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Can we talk?

An aging comedy icon shows no signs of slowing down

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The work of comedian and actress Joan Rivers has long pushed the boundaries of taste and decency. In her unforgettable brassy manner, raspy voice, and thick New York accent, Rivers has brought formerly untouchable topics—abortion? death? female angst?—to the stage since the ’60s. She’s also admired as an Emmy-winning talk show host, playwright, bestselling author, and ruthless fashion critic. But her battle to stay relevant in a business dominated by youth, perhaps most accurately captured in the 2010 documentary Joan Rivers: A Piece of Work, is part of what makes her an interesting and remarkable character today.

A PIECE OF WORK:  Joan Rivers brings her hilariously offensive, diva-licious style to the Cal Poly PAC. - PHOTO BY CHARLES WILLIAM BUSH
  • PHOTO BY CHARLES WILLIAM BUSH
  • A PIECE OF WORK: Joan Rivers brings her hilariously offensive, diva-licious style to the Cal Poly PAC.

NEW TIMES What can we expect from your performance at the PAC?

RIVERS Just everything. Whatever’s just happening in the newspapers, obviously that’s going in. Whatever’s annoying me is going in. The latest gossip is going in. My act is really about whatever’s happening at the moment.

NT Do you spend a lot of time writing new material every day? Or is that something that just comes to you while you’re doing other things?

RIVERS Nothing comes to anybody. Every day, you think of different things and you think, “I should try that in the act.” And that’s why I work as hard as I work, and the act constantly changes.

NT Last night, I watched the documentary A Piece of Work. It’s very revealing, actually. I’m quite surprised that you were OK with it. Other celebrities are very private about their lives.

RIVERS If they’re going to do a documentary about you, you should give them free access. Otherwise it becomes so stupid. That’s why the Biography Channel is one of the dumbest things I’ve ever seen. Because everybody’s wonderful. If you watch that channel, everybody’s a good guy. Everybody’s a wonderful person. And they just slide over the bad things, like, “Oh, and he killed his wife.”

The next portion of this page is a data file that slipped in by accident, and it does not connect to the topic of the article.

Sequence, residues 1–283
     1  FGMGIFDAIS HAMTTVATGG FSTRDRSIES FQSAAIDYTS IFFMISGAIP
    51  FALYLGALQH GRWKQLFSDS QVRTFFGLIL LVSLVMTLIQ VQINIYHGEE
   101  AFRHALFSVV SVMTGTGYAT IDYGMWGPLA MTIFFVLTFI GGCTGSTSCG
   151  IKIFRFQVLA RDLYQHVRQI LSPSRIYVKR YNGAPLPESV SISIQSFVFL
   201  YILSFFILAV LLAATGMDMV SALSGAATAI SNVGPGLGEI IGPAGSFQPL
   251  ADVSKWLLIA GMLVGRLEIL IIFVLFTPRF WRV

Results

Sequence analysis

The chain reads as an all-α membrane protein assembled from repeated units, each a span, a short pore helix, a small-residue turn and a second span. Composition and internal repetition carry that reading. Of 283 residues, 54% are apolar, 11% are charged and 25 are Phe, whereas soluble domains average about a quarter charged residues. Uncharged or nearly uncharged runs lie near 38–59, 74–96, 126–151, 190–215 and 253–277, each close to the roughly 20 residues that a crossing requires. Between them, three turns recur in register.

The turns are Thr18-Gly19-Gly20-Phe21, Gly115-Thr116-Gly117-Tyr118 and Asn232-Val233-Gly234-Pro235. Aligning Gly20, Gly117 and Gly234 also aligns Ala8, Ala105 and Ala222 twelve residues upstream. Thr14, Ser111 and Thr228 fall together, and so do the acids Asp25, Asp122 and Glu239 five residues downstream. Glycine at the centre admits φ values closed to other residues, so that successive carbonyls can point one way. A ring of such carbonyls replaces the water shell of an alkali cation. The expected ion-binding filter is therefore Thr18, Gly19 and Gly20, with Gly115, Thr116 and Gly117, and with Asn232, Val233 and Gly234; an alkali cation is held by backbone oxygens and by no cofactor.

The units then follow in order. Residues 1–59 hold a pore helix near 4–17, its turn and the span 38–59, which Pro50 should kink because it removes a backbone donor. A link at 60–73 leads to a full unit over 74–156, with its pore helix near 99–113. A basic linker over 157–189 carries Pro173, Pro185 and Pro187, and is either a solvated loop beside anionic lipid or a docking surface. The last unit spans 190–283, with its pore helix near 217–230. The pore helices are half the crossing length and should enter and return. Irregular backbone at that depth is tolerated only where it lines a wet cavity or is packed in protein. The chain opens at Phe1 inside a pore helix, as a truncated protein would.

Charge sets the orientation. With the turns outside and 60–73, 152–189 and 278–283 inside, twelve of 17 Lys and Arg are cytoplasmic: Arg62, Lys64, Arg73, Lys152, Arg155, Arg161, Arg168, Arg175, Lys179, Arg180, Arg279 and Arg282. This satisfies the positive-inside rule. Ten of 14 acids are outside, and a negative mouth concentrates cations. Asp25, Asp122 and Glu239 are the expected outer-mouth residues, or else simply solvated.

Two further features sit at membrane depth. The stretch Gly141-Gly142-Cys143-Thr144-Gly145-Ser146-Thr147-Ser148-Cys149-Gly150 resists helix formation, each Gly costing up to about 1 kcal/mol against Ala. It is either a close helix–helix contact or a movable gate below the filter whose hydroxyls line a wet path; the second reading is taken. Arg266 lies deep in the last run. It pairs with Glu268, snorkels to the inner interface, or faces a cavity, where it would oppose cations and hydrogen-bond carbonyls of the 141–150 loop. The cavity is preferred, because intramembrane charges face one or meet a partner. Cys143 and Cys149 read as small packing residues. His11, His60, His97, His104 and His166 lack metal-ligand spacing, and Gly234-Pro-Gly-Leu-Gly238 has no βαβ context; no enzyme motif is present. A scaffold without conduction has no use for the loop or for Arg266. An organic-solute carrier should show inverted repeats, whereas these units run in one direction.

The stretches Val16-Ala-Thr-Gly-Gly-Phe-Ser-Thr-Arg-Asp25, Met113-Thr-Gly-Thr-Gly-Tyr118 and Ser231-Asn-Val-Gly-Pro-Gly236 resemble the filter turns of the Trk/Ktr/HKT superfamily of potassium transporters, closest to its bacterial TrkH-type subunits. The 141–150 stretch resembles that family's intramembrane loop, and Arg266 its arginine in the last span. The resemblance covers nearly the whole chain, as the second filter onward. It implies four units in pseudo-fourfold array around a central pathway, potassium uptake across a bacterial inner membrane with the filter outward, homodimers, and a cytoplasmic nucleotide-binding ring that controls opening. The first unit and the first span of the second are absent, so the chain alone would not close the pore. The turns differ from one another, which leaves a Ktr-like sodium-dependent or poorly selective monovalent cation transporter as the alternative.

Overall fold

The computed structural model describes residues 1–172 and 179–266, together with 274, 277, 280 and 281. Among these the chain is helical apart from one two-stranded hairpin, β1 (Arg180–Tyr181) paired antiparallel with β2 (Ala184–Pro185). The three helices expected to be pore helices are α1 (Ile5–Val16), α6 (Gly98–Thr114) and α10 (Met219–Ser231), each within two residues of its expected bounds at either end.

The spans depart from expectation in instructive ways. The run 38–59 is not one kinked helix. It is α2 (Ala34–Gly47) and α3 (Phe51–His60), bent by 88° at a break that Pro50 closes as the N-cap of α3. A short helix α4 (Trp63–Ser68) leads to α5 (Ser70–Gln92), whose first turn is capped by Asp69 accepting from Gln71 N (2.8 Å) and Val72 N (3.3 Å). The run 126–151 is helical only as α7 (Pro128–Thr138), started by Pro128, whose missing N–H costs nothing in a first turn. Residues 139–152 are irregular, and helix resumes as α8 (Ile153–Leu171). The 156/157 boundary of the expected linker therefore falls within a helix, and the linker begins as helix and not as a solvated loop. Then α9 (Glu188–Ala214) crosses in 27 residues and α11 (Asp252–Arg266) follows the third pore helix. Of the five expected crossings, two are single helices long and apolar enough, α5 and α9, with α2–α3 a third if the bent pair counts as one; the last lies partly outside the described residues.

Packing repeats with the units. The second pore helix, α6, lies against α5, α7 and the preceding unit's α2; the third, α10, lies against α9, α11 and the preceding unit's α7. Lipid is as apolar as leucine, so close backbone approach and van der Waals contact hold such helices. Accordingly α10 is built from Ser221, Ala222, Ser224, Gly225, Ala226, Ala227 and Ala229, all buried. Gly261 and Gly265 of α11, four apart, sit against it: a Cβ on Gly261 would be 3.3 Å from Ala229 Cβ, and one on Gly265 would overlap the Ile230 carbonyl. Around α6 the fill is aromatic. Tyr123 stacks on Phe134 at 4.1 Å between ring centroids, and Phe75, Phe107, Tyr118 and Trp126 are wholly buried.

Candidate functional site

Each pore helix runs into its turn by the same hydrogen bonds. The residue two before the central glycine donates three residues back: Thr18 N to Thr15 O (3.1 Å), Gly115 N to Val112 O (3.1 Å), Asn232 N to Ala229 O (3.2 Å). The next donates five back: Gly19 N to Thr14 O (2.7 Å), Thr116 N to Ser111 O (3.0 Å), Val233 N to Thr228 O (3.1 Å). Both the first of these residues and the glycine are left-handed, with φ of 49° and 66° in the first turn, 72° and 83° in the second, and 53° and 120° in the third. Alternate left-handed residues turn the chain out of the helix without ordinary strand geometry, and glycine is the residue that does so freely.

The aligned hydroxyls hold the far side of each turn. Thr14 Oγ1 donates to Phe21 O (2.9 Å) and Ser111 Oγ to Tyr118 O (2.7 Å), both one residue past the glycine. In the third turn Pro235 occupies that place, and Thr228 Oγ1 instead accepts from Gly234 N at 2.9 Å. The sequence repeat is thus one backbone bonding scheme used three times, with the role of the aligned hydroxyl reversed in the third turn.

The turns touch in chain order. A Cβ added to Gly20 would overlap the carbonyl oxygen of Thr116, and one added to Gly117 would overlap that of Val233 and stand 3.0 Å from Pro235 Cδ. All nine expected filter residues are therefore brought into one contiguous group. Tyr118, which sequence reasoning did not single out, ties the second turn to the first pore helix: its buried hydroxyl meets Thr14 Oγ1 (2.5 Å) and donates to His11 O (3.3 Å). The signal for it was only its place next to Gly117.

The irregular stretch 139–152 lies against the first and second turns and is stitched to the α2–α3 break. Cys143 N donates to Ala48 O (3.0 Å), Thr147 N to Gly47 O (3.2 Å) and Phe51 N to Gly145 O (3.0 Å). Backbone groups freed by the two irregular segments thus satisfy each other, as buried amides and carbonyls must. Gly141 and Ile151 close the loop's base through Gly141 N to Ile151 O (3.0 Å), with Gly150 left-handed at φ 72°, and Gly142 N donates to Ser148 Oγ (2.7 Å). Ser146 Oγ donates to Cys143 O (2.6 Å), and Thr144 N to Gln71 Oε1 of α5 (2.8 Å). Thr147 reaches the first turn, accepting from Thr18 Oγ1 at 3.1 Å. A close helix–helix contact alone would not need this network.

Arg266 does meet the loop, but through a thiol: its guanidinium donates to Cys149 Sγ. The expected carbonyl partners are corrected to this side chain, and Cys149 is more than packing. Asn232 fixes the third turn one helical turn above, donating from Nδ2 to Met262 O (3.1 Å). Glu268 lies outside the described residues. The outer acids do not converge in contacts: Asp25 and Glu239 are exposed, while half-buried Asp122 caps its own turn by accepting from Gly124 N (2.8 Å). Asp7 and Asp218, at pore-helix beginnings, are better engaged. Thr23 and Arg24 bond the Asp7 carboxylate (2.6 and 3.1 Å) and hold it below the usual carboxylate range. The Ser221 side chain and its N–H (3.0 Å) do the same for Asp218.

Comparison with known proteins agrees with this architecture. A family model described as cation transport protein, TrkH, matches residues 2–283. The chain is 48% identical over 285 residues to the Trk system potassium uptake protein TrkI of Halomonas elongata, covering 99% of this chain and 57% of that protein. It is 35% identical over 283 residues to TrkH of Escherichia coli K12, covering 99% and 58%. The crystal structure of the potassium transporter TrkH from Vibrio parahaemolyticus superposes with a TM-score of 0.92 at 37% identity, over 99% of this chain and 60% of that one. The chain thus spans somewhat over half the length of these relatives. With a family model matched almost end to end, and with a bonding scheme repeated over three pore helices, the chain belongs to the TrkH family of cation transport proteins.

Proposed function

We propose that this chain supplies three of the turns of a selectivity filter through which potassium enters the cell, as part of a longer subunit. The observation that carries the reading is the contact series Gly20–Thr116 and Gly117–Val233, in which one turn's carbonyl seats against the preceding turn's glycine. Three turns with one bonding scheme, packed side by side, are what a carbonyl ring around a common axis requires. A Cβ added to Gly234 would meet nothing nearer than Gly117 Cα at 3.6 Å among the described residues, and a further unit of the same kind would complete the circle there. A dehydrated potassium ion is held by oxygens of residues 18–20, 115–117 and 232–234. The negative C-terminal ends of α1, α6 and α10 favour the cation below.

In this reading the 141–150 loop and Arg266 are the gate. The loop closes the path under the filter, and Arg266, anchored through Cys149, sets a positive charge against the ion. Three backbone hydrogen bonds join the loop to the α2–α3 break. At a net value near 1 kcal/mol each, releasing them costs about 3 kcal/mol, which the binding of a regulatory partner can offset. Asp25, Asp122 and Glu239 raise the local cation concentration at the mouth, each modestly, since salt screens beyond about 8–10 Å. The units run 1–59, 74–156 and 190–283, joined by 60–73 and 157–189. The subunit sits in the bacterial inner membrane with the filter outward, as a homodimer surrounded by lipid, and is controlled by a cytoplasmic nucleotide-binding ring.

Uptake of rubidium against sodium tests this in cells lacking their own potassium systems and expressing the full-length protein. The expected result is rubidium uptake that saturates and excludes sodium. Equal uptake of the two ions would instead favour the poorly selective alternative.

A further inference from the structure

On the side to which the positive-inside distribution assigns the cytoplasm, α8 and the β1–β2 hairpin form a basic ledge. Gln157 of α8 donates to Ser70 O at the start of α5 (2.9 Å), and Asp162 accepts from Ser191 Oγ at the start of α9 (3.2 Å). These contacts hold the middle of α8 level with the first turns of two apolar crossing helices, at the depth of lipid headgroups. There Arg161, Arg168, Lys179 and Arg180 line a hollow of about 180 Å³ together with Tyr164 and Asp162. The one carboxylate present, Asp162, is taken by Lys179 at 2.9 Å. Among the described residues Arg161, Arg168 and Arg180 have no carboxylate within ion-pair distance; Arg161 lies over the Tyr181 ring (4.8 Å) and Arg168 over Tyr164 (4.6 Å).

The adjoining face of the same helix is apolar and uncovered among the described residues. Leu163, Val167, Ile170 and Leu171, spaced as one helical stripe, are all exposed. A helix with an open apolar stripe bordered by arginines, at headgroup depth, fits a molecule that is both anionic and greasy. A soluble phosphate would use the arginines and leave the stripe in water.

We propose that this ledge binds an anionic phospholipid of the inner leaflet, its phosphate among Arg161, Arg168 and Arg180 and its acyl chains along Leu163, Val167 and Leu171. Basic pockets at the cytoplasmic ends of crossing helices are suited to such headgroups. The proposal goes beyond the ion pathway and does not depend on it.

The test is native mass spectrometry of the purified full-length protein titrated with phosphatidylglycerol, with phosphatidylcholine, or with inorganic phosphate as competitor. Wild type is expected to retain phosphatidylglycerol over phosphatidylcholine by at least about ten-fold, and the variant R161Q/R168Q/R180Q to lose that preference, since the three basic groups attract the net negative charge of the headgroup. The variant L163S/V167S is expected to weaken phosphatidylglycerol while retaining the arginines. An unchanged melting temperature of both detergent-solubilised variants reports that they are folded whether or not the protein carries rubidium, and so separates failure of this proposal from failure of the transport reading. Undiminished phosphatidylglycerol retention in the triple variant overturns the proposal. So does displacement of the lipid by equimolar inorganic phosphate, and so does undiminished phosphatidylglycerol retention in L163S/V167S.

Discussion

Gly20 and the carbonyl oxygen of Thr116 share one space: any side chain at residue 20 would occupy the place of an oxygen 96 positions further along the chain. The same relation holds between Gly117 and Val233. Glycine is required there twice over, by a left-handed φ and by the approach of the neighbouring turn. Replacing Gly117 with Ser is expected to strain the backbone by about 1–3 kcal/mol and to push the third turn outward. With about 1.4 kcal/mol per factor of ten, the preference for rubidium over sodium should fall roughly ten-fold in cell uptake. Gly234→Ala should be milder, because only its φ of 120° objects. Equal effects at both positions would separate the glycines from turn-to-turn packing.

NT One of the parts I really like was your file cabinet of jokes. To me it was very strange—such a businesslike approach to comedy.

RIVERS Right, but maybe one eighth of the jokes get in there. And it’s never the ones that you adore. It’s always: Let me get that down, let me try to get that down on a card. It’s very hard. I don’t know why, but it’s just like that.

NT I noticed that they’re categorized by topic: You’ve got “My Daughter” and there was “My Sex Life” and all these different topics. I’m wondering, are there topics that you wouldn’t touch anymore?

RIVERS Oh, no. I am the most politically incorrect person in the world. What’s happened to our country is shocking. You’re not allowed to say anything about anybody, you’re not allowed to expect anyone to do anything on their own. So no. No, no, no, no. I hit on everything.

NT You’ve long joked about your daughter turning down Playboy, and how disappointed you were.

RIVERS Totally. The kid has a great body. Everybody’s doing it. There’s no stigma. And she’s going to be very sorry when she hits my age. She’s going to go, “Hmm, I should have done that.”

NT Is that something you wish you had done personally?

RIVERS Well, I didn’t have a good body.

NT I had read that she was dating [porn mogul] Steve Hirsch, which was something that you were very excited about.

RIVERS He’s so nice and smart. He’s just great. … It’s a different world now. When I was pregnant on Ed Sullivan, I was not allowed to say I was pregnant. I was seven months pregnant, and I had to say, “Soon we shall be hearing the pitter-patter of little feet.” I looked like Omar the Tentmaker, I was so big. And I was not allowed to say on the air I was pregnant.